‘World is an oyster for women in UK’

Divya Mathur, senior programme director of The Nehru Centre, London

Founder president of Vatayan: Poetry on South Bank organisation and Fellow of the Royal Society of Arts, Divya Mathur, inspires many with her work and attitude towards life. The multi-talented senior programme director of The Nehru Centre, London, firmly believes that before changing and educating the men, women themselves have to change..writes Anjana Parikh

AL: Tell us about your journey from Delhi to Denmark to London?

Divya Mathur, senior programme director of The Nehru Centre, London
Divya Mathur, senior programme director of Nehru Centre, London

Divya: Rescued from a bad marriage by a bosom friend, who got me flown to Denmark in 1985 with my son. When I could not find any job there, I landed in London. After a huge struggle, I found a job at the High Commission of India, London, as a contingency clerk; beggars can’t be choosers. Having received a diploma in Medical journalism from the Institute of Journalism in Delhi, I did a correspondence course in journalism from Glasgow to compare the two.

AL: You’re a multi-talented person. How do you divide your energy, time and intellect to multi-task?

Divya: When the kids were little, I wanted to set an example to them. Being a single parent, I worked round the clock doing all sorts of jobs; to make two ends meet, managed to give them good and all-round education. Now, that they are well educated professionals, I have all the time in the world to enjoy life and I enjoy it by working hard. I am a hard taskmaster, who doesn’t like to waste a moment. Besides, I am a workaholic, who wants to handle two or three tasks at one go.

AL: What were the initial hurdles for you in a new country?

Divya: I found living in this country far easier than India; where I could not survive. To have let one’s husband in those days was a taboo. When I arrived in this country, I was a very meek person so it took longer than anyone else in my situation to get a foothold. I am writing my autobiography now which will give you a good idea what a woman goes through in the man’s world.

AL: You were chosen by Dr Gopal Krishna Gandhi (Ghandiji’s grandson) to establish Nehru Centre in London. You must be quite chuffed?

Divya:I must say that it took a Gandhi to lift me out of the doldrums I was in. All of a sudden I found myself at The Nehru Centre doing a decent job I could never have imagined, earning good wages. I still wonder why he chose me! Must be my dedication and hard work he had witnessed at India House! I can’t count my blessings; that is why I gave one hundred percent to my job, always.

AL: You’re also well-known for your organisational skills. What are the tools and techniques to enhance this skill?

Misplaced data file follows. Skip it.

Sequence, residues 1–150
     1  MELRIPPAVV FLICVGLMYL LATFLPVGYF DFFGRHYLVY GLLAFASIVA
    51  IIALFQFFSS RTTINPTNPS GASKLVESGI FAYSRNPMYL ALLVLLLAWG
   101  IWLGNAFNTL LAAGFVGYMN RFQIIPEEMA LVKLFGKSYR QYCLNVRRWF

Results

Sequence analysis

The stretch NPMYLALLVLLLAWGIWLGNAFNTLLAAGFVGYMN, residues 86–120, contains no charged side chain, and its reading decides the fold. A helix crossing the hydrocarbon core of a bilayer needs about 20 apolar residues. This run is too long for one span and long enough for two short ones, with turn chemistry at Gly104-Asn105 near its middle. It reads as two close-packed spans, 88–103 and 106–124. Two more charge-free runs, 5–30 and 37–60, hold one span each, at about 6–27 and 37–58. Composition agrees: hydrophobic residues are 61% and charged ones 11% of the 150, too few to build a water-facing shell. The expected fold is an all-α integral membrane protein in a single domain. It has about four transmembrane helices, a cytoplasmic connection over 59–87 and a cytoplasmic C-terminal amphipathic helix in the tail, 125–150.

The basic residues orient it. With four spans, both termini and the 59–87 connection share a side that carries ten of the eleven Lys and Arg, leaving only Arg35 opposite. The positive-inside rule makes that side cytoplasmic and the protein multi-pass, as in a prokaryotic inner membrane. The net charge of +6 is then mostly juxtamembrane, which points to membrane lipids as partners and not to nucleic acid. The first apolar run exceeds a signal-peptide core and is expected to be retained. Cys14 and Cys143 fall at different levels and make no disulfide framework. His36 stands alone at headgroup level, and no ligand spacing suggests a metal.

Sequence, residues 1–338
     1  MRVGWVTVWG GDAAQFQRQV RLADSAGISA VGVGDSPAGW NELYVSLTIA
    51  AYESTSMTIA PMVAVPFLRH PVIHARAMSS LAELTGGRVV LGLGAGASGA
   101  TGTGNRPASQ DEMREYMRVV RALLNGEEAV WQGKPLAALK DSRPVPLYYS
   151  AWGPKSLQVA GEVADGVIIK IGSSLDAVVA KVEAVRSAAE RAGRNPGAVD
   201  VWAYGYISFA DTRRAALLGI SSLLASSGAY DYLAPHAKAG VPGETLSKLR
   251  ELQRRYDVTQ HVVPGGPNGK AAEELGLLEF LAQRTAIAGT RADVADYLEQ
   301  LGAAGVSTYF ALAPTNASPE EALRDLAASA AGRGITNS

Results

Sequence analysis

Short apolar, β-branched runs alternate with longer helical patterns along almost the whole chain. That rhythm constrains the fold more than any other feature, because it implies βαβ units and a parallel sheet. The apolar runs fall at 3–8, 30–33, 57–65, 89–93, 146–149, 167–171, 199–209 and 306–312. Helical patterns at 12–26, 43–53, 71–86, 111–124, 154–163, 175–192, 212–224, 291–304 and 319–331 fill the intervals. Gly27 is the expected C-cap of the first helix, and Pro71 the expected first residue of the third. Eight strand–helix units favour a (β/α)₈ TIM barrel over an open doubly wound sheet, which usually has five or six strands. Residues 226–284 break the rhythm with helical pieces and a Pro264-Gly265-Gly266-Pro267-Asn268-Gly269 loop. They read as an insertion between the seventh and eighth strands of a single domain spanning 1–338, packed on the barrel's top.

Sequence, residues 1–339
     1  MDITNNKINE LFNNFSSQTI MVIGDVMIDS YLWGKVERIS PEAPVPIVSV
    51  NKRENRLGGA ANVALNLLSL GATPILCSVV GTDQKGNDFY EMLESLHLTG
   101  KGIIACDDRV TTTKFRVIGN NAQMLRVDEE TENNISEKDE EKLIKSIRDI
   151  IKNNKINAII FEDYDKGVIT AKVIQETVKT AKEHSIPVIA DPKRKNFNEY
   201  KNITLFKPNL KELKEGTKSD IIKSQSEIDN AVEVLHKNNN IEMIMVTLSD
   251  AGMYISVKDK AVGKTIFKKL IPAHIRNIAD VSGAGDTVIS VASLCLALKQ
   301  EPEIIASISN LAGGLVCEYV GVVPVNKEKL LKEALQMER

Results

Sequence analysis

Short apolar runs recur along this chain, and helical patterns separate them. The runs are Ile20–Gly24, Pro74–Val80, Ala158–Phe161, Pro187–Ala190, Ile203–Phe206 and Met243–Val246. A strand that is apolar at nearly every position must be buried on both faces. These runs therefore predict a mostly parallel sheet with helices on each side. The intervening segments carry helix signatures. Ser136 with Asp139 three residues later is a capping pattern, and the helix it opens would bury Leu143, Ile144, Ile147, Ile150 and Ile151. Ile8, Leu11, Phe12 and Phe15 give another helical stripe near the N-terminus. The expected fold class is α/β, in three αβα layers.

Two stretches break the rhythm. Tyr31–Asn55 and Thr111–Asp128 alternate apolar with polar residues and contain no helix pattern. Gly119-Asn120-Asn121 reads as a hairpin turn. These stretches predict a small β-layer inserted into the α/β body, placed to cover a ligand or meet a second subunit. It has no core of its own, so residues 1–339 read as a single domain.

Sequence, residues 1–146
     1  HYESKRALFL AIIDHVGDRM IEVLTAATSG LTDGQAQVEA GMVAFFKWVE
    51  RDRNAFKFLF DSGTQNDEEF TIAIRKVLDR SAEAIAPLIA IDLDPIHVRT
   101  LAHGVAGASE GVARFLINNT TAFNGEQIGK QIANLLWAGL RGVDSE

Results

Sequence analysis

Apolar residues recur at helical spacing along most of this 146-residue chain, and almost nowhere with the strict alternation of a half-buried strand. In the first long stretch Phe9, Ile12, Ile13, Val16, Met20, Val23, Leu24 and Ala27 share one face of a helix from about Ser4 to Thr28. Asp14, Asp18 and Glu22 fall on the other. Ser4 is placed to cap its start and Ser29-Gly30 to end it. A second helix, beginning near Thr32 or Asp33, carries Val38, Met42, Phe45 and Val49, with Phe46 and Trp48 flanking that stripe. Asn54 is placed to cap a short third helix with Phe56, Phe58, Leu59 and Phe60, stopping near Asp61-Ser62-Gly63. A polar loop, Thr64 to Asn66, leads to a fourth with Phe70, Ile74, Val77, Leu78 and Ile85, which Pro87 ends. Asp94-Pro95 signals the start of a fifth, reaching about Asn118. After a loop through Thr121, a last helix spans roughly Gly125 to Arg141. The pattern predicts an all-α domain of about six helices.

Divya: I am not a trained impresario but I hide my shortcomings behind my diligent work. I have learnt over the last 25 years that nothing is impossible; you just need a little creativity and a lot of hard work. Doing the background work is essential to get the best results.

AL: You’ve been honoured with several awards including Arts Achiever of the Arts Council of England and Dr Harivansh Rai Bachchan Literary Award of the High Commission of India, London, etc. What do these honours mean to you?

Divya: Being loved and respected by friends, family and everyone, is more important to me than any award but getting an award confirms that I have really accomplished something. Each award makes me more humble, thinking that I don’t really deserve it, may be there are people who deserved it more.

AL: You’ve authored over a dozen of story and poetry collections and have also edited three anthologies of short stories by Indian Women Settled Abroad. Why do your anthologies include mostly stories by women?

Divya: One reason is that women’s achievements are never purely personal. Also, we continue to work phenomenally harder than men to qualify for equal recognition in many walks of life. In this day and age, women are still subjected to prejudice, violence, poorer resources and lower wages. The workplace can still feel like a man’s world. Like all big social movements, feminism has run into problems, yet the campaign for the rights of women must go on.

AL: You’ve been listed in the volumes of Great Women of the 21st Century and Inspirational Women, to name a few. Where do you get your inspiration from?

Divya: For a woman, it is doubly hard to achieve anything and that is why I am inspired by each and every woman who has achieved even a little success. I do what I do without expecting any rewards but when I get honoured, the happiness is doubled.

AL: Even after hundreds of years, women are still fighting for their rights; violence against women hasn’t stopped. Your view on this

Divya: It will need a minimum of 25 pages to explain but in a nutshell, before changing and educating the men, women themselves have to change.

AL: Many Asian women leave their career after marriage as most of them do not get the support from their new family. What can be done to solve the issue?

Divya: In my days, working after marriage was not considered respectable, but, then, there was a time when working girls were preferred; specially teachers. These days, fewer women leave jobs after marriage. The world is their oyster for women in this country as they have a choice and most husbands and in-laws understand their work demand. Even in India, times have changed, may be not in villages but they are also evolving.

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